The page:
The flag of Mongolia consists of three horizontal bands, all of equal size, in red, blue, and red. The Soyombo national symbol is depicted in yellow within the red band on the left-hand side of the flag.
This version of the flag was adopted on 12 February 1992 after the Mongolian Revolution of 1990 had spurred the transition of the country to a liberal democracy. The current flag of the nation is very similar to the version used from 1945-1992 with slight variances in colour and the removal of the socialist star which sat atop the Soyombo national symbol.
The red in this flag is a symbol of the spirit of the Mongolian people and their will to survive and thrive in a harsh environment and the blue is said to be symbolic of the eternal blue sky that is seen in Mongolia. The Soyombo national symbol consists of a column arrangement of symbols that represent the sun, moon, yin-yang symbol (known as taijitu), earth, as well as fire and water. According to vexiologists, individuals who study historical symbols such as flags, the design of this flag took place in 1940 by the ruling government of the Mongolian People's Republic. At this time, Khorloogiin Choibalsan was the leader of the Mongolian People's Republic and his government had close ties to the Soviet Union which is why the socialist star was included.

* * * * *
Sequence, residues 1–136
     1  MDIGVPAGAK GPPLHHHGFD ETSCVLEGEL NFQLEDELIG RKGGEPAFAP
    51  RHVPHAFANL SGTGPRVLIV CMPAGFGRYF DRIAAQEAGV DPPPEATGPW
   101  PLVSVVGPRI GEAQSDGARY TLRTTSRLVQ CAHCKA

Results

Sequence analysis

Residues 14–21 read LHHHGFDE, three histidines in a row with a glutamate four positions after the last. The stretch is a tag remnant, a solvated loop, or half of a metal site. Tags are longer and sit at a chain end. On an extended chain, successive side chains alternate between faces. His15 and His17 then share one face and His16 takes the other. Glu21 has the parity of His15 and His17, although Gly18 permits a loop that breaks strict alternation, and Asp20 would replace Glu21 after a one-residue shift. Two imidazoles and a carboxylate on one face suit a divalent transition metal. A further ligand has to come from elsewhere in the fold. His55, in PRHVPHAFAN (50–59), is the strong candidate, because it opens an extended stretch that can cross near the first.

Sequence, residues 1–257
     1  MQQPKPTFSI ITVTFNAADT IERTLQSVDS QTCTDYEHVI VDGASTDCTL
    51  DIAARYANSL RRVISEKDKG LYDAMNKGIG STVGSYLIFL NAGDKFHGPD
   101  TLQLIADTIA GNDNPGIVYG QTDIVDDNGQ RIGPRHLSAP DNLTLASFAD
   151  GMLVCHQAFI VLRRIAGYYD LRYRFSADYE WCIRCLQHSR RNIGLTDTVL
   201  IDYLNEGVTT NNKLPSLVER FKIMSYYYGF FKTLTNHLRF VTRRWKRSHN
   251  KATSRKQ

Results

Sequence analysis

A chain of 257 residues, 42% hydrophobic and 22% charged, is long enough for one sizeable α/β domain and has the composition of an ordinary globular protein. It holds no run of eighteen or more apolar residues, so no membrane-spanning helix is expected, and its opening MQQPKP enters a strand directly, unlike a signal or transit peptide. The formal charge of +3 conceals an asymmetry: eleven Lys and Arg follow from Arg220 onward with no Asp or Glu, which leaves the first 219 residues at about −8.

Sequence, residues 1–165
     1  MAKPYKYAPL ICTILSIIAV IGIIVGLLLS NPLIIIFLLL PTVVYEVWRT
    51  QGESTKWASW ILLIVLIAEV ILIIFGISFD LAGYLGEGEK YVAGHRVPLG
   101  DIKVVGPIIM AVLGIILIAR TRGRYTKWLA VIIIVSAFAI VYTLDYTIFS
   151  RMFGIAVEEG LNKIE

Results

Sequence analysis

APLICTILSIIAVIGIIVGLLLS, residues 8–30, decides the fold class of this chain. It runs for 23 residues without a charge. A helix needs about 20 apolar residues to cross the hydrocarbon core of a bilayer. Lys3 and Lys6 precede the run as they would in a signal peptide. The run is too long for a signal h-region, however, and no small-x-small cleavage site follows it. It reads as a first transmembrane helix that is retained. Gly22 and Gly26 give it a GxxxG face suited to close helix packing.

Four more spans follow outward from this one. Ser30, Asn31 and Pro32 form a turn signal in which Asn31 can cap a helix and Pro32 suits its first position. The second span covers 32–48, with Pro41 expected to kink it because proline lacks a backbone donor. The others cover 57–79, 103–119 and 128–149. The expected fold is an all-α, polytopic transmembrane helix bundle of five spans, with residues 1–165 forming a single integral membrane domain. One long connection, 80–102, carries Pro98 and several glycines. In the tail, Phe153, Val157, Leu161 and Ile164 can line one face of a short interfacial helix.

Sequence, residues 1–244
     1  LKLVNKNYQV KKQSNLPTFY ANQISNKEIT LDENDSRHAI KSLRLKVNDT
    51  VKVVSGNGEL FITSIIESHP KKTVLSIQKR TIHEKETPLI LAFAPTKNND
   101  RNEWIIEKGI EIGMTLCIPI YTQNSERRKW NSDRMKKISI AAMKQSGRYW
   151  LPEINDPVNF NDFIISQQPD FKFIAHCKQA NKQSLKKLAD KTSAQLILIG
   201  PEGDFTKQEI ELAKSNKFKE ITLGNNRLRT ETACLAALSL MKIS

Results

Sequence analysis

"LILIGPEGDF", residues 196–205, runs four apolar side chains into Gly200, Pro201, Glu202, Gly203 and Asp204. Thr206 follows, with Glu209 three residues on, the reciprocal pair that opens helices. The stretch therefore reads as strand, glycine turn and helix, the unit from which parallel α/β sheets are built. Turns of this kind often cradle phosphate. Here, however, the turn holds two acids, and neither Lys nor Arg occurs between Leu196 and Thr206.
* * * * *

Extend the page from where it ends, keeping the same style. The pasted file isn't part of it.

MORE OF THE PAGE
As mentioned earlier, the flag of Mongolia used from 1945-1992 is very similar to the current banner. However, the blue in this version is a lot lighter and there is a star (a symbol of socialism in Mongolia) above the Soyombo national symbol. The Bogd Khaanate of Mongolia used three separate flags from 1911-1924 with all three containing portions, or the whole, of the Soyombo national symbol. From 1924 onward, the nation was known as the Mongolian People's Republic and used four different national flags before the flag of 1945 was adopted.
This page was last modified on May 1st, 2018